Masters Thesis

Hypotensive Effects Following Upper Vs Lower Body Exercise in Normotensive and Prehypertensive Individuals.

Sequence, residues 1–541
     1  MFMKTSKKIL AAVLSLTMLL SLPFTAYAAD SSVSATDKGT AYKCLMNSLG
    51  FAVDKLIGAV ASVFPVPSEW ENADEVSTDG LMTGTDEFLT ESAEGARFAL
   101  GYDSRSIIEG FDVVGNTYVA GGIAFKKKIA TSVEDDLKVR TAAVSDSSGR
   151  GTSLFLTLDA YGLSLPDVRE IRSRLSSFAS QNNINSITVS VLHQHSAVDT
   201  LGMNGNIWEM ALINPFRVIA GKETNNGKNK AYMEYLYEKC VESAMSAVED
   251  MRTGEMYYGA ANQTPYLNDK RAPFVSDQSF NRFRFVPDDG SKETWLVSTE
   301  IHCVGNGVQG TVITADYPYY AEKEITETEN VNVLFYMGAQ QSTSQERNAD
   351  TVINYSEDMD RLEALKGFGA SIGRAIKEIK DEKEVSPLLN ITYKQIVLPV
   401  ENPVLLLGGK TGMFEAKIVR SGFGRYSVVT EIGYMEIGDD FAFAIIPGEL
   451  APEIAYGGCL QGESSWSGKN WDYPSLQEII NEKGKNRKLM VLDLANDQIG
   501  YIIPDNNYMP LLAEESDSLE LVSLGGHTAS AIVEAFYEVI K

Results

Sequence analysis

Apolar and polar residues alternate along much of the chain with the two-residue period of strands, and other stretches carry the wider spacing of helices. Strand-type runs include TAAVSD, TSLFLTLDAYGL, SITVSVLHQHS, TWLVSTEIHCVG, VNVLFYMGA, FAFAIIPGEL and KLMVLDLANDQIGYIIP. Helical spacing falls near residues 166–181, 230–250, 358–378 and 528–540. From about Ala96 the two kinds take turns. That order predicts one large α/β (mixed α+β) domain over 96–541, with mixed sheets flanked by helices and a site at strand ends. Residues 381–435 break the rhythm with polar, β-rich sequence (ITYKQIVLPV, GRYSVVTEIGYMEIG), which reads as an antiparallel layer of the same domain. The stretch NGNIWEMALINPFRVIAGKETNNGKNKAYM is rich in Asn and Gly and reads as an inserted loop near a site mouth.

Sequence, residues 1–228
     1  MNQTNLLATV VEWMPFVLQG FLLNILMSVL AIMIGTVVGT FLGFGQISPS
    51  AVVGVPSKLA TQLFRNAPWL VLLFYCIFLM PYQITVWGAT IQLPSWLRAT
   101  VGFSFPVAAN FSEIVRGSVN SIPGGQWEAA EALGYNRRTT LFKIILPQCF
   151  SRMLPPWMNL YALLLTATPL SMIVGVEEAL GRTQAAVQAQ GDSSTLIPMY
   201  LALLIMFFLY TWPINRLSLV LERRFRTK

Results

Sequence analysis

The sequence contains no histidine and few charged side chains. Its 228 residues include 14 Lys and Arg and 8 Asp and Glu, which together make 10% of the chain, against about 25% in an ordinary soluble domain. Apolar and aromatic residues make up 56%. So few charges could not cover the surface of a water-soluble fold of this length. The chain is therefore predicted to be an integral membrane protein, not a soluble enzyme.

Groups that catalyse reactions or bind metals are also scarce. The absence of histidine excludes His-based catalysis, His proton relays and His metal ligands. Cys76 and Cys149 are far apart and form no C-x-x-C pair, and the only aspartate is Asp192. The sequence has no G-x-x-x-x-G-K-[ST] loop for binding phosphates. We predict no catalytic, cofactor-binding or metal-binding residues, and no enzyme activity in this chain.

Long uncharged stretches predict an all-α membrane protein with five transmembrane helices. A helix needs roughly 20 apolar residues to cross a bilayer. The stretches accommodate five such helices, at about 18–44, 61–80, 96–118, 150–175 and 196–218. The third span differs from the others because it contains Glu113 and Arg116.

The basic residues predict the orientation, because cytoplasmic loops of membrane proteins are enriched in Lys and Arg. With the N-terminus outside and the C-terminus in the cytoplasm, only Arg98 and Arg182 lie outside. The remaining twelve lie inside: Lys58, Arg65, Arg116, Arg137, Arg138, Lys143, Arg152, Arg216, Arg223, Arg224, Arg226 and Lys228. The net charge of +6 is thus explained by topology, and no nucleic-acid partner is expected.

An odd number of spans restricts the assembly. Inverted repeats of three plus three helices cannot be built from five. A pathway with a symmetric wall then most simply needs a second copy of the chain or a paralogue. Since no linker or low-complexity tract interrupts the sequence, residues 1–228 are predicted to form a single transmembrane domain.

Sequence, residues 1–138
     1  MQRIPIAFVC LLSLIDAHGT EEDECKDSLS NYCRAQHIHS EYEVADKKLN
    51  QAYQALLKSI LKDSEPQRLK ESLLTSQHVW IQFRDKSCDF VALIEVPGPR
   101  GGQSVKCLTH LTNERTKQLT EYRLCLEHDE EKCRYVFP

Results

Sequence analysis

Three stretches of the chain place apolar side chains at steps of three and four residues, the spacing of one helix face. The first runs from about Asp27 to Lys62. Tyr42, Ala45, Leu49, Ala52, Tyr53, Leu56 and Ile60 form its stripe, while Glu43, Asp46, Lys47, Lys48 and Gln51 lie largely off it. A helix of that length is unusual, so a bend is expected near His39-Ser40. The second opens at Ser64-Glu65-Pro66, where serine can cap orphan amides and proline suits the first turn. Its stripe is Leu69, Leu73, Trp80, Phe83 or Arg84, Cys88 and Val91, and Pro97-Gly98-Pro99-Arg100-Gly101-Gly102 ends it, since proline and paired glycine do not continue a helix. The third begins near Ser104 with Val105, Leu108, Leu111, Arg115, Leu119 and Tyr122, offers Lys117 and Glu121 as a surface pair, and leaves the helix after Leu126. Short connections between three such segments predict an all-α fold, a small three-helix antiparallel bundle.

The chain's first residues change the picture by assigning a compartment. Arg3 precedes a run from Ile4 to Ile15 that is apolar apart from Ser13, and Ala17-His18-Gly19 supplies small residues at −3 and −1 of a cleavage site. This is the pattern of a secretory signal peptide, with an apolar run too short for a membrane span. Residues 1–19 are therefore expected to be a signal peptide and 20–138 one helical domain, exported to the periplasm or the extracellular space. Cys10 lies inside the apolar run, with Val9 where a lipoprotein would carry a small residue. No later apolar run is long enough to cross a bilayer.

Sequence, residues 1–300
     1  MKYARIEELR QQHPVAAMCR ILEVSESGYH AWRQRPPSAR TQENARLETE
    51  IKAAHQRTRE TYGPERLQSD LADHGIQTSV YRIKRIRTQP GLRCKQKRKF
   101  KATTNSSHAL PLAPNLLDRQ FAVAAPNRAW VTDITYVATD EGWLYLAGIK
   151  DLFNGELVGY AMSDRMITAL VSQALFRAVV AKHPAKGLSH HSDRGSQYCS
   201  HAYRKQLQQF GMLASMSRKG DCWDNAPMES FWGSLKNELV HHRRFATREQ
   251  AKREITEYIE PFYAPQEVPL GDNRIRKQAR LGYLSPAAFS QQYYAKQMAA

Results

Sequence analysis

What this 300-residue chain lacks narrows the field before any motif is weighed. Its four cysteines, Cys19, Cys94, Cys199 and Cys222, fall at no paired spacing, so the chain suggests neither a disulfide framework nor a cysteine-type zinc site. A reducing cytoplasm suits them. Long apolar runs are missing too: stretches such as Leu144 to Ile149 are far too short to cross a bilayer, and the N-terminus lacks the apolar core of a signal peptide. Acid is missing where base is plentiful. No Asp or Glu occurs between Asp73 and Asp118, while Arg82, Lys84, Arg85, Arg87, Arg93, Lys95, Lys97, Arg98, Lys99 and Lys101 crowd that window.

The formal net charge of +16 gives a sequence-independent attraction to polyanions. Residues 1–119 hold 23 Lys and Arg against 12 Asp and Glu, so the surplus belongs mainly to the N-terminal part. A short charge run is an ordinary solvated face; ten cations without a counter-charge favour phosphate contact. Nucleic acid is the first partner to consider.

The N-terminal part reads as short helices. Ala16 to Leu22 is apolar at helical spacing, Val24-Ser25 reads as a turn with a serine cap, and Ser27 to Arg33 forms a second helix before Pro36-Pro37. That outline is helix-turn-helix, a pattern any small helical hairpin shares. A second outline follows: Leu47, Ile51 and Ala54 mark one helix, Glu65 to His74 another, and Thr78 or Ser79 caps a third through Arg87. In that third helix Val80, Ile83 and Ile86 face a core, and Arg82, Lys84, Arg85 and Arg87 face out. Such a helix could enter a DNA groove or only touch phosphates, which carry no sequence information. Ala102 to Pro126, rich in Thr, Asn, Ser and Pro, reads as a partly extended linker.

Exercise has been used as a method to achieve, maintain, and improve health, fitness, and sport performance. Furthermore, it is often prescribed to treat, manage, or prevent the onset of hypertension. This may be more important for individuals that have a resting systolic (SBP) and diastolic blood pressure (DBP) categorized by the American Heart Association as prehypertensive (PHT). Aerobic exercise leads to a post-exercise reduction in SBP and DBP compared to rest, called post-exercise hypotension (PEH), however, it is unknown whether upper (UBRE) and lower body resistance exercise (LBRE) in isolation results in similar reductions. Therefore, the purpose of this study was to compare the effects of PEH between upper and lower body resistance exercises in normotensive (NT) and PHT individuals. Twenty-three recreationally trained PHT males (age = 24.4±3.5yrs.; ht = 176.2±7.7cm; mass = 86.6±20.9kg) performed UBRE (bench press, lat pull down, seated shoulder press) and LBRE (back squat, leg curl, knee extension) in a counterbalanced fashion (4 sets of 6 repetitions at 75% 1-RM with 2 minutes rest between sets, and 1 minute rest between exercise) on 2 separate days followed by 60 minutes of quiet seated rest. Blood pressure (BP) was measured immediately post exercise and every 10 minutes for 60 minutes thereafter. For SBP and DBP there was condition x time interaction where SBP and DBP were lower at different time points for UBRE and LBRE. Also no differences were seen between NT and PHT. Similar effects of PEH occur with UBRE and LBRE between NT and PHT populations.

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